Pop quiz: What’s less popular than Dick Nixon during the dregs of Watergate, BP during the Gulf oil spill, and even the current Congress?
You guessed right. A U.S. military intervention in Syria.
Nixon, even in disgrace, drew roughly 25 percent approval. BP bottomed out at 18 percent. Congress, that dysfunctional sinkhole, is averaging around 15 percent. But according to the latest national poll, released Saturday by Reuters/Ipsos, the percentage of Americans who support a pugilistic visit to Syria is an underwhelming . . . nine.
That’s nine percent yes for war, 60 percent no — another thumbs-down verdict from a war weary nation, echoing the NBC News-Wall Street Journal poll, which in June reported 15 percent yes and 66 percent no. The timing could not be worse for President Obama, because while the public is saying “stay out,” the administration is methodically preparing to go in. And as many politically-wounded past presidents could attest, it’s hard to wage war for very long without broad domestic support.
Accountability and consequences
Secretary of State John Kerry, in his stern statement yesterday, virtually signaled that intervention is the sole remaining option. He said it’s “undeniable” that tyrant-leader Bashar al-Assad has used chemical weapons against his own people, and that the Syrian government’s decision to host U.N. inspectors has come “too late.” He said that the use of chemical weapons is an “inexcusable” breach of international law, and that “there must be accountability” and “consequences” for this “moral obscenity.” He said that Obama “will be making an informed decision about how to respond.”
If Kerry’s words (as vetted by the White House) mean anything, there is only one way for Obama to respond. Indeed, if Obama’s own words mean anything, he has no choice but to respond militarily – because he has been trapped by his own rhetoric. On at least five separate occasions, Obama has warned that if the autocratic Syrian government ever crossed a “red line” by going chemical in its ongoing civil war, America would be compelled to act militarily for moral reasons. If he backs down at this point, his international credibility would be shot, and Syria’s close ally – Iran – would duly note the moment, as it continues to nurture its nuke program.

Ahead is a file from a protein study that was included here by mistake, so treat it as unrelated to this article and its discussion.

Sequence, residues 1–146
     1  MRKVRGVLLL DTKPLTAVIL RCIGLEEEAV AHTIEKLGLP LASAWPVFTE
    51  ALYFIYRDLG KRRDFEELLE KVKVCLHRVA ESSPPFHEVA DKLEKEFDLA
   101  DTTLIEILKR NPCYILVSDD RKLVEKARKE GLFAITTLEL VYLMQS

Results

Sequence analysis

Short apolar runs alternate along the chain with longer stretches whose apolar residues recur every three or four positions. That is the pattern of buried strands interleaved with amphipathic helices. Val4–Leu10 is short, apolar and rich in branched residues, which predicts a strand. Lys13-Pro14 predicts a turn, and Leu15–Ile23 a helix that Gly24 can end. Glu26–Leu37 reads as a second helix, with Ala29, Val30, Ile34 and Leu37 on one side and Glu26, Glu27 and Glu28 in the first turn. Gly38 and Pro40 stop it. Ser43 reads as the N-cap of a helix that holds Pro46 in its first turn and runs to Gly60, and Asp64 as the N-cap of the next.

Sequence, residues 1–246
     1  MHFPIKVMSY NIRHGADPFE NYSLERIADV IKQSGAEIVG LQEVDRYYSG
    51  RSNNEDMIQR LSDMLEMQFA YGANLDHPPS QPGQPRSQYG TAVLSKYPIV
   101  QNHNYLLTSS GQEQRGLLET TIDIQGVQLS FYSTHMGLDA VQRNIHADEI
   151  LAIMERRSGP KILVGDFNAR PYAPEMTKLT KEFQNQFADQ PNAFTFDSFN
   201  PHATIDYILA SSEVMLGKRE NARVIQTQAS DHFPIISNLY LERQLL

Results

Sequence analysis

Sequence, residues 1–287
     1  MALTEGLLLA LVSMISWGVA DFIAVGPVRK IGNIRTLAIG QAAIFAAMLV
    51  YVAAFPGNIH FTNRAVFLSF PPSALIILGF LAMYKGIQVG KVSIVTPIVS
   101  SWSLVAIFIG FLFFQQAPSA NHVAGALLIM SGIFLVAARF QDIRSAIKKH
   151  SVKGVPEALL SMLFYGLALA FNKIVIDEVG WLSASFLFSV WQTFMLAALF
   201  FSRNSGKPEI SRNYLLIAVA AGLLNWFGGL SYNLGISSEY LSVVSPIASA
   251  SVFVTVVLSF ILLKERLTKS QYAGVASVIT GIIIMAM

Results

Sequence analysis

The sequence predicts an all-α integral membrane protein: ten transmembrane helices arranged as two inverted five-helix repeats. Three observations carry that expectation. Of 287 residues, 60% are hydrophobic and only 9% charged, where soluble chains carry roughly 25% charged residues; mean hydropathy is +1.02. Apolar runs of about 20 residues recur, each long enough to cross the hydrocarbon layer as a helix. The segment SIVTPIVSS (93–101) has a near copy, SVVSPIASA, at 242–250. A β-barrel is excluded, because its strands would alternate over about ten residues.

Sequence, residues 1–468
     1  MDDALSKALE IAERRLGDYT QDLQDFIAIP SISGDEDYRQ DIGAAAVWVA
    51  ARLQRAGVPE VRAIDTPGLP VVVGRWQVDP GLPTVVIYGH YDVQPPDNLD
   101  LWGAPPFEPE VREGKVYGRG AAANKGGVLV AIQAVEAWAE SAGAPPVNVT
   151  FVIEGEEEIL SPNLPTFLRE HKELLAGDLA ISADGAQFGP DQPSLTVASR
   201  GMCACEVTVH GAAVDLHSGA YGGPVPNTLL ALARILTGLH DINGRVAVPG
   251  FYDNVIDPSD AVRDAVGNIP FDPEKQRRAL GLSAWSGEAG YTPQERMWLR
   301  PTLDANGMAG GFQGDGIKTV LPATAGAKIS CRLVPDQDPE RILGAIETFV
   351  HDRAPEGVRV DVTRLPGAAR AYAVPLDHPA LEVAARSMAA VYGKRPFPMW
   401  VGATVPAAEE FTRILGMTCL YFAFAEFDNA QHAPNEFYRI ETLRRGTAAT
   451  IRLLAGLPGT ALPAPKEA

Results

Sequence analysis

Obama won’t act unilaterally, a la Bush; he won’t send in the troops and unleash indiscriminate shock and awe. By all accounts, he’ll act only after assembling an ad hoc international coalition (presumably with support from the European Union and the Arab League), and we’re already hearing hints that America will confine itself to “surgical” cruise missile attacks on chemical stockpiles and related military targets – designed to punish Assad for breaching the rules of war, but not to the point of fomenting regime change. (Yeah, I know. What rules of war?)
But the big question is, what’s Plan B? What if the military surgery doesn’t work – and Assad feels emboldened? Or what if it works too well, Assad’s regime is then destabilized, and the rebels in the civil war gain the upper hand? That result wouldn’t be so great either, given the fact that the rebels are heavily infested with al Qaeda and other anti-American extremists.
As think-tanker Edward Luttwak, a senior associate at the Center for Strategic and International Studies, wrote the other day, the only other possible U.S. option would be “a full-scale American invasion to defeat both Mr. Assad and the extremists fighting against his regime.” But, as he also pointed out, “That could lead to a Syria under American occupation. And very few Americans today are likely to support another costly military adventure in the Middle East.”
Sensing a quagmire
That basically explains why only nine percent of us support a military intervention. The average American is probably knowledge-challenged about the intricacies of the Syrian civil war (quick! – explain the differences between the Salafists, the Sunnis, and the Alawites!), but he or she knows instinctively that it would be a quagmire. As I wrote in a recent freelance piece, “Imagine if Obama had to go on TV to explain the Syrian complexities to a domestic audience. Americans like to be able to distinguish good guys from bad guys, but good luck trying to get that kind of clarity in Syria.”
It’s a tough situation for Obama. Now that Assad has gassed his own people (a story today describes “bodies convulsing and mouths foaming”), he has to buttress his “red line” rhetoric with action. But in doing so, he’ll get minimal domestic support – perhaps an initial poll spike (as often happens when a president goes to war), but nothing that would sustain a lengthy intervention.
Best of luck, sir. It’s great that you and others in the international community want to act for laudable humanitarian reasons, but, as the average citizen already intuits, the outcomes on the ground seem to range from bad to worse.
And as for all those Republican aspirants who are already traversing the early presidential primary states, I have one simple question: Why in the world would you want such a thankless job?
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